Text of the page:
Britain and Iran. As a Persian boy, I was well bullied for it!
Other Middle Easterners at Harrow in the same period, were King
Faisal of Iraq and King Hussein of Jordan.
KERMIT ROOSEVELT - THE BUSINESSMAN
Our paths crossed well before my interest in sifting through the
facts of the 1953 coup d'état. Roosevelt was an advisor
to the National Cash Register Company (NCR) of Dayton, Ohio. I
was a member of Abolhassan Diba & Co., a multi-faceted company,
established by my father in Tehran in 1922. A section of our work
was the representation of NCR in Iran, for which I had to go very
often to Beirut, where NCR had its regional HQ. Roosevelt had an
apartment there, at one time, which he shared with Miles Copeland.
My brother-in-law, Frederick Benedix III, lived in the same building.
Some time later, In Tehran, I was invited to a small dinner at
the Palace of the Shah. Roosevelt was there. The Shah asked me
what I was doing and I, very proudly, told him about how well NCR
was progressing in Iran. When I reported that to my father the
next day, he said "You are a fool". Sure enough, within
the year, NCR (which my father had introduced into Iran and, over
25 years, it had grown into a large business) was taken from us
and given over to the Pahlavi Foundation. I learned that Roosevelt
had been given a 3% share - presumably for his intervention.
About ten years later, in 1978, I was in Washington to research
and interview for my book on Dr. Mossadegh. I met up with Roosevelt
and, without telling him that I was writing a book, I asked him
to tell me about his days in Iran during 1953. We had a few lunches
together and dinner at his house, where he and his wife Polly were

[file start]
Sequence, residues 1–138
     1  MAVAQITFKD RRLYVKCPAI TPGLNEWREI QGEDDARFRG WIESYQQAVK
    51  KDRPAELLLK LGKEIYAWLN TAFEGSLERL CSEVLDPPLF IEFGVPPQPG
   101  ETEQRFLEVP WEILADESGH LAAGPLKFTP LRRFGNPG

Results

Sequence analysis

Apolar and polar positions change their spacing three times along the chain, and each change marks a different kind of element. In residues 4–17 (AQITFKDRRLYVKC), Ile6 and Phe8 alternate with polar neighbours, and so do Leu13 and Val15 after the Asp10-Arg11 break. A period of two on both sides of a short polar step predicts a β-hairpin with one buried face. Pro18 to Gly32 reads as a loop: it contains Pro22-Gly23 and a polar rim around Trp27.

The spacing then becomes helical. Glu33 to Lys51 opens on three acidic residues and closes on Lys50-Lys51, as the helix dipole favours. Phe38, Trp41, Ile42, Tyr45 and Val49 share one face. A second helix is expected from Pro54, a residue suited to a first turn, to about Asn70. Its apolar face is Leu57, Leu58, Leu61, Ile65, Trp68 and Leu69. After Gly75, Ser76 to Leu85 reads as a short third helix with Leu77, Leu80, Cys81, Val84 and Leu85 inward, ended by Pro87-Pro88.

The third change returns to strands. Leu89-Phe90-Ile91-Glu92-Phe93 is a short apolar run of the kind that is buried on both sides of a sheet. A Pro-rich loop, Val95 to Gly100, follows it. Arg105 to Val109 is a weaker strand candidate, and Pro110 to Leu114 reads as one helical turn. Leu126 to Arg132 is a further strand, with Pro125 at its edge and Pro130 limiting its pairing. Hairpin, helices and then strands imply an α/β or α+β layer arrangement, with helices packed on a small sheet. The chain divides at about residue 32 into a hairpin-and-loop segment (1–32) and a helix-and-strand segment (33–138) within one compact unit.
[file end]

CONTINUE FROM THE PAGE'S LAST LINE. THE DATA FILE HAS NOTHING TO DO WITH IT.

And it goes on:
generous hosts. Kim liked his vodka and he also liked to brag about
his exploits and his involvement in the coup d'état. Depending
on the intake of vodka, the story would be recounted in various
She was Dr. Mossadegh's youngest daughter, out of three daughters
and two sons. She was a teenager when, in 1941, her father was
arrested and sent to prison in Birjand. On the way, he tried
to commit suicide because he knew that Reza Shah was going
him killed. This was known to others and especially to his young
daughter, who worshipped her father. She was staying in our summer
house in Shemiran when, waking from a nightmare in the early
hours of the morning, she ran with her nightgown to the garden
shouted to be let out to see her father.
My parents brought her
back to the house to calm her down and I, then only a 4-year
old, still vividly remember that I was placed on her lap
and she was
talking to me. Anyway, her health became worse and she was
operated on, but the operation went wrong and she went into a vegetative
state. They sent her to a clinic in Switzerland, where she
for over 50 years. Her hospital expenses were paid out of a
trust, which her father had set up for her in Tehran. At the revolution,
these assets were seized and, for the rest of her life, her
Majid Bayat (Dr. Mossadegh's grand-son) cared for her. She
died a year ago in Switzerland.
I have enjoyed friendly relations with Ardeshir and, through
his mother, we are distantly related. He has always been
to me and I have enjoyed his hospitality wherever he was
as ambassador, as well as at his house in Saheb-Gharanieh.
my uncle and, until I started my research, I was not aware
of his close involvement. Since the revolution, I have only
a couple of occasions, at a family funeral.
DEATH OF DR.MOSSADEGH
I was very close to my uncle during his last days. He
was allowed to come to Tehran and was at the Najmieh Hospital.
Since my office formed a part of the same complex, I was
at his bedside many times during the day.
One day, when he felt a little better, he expressed the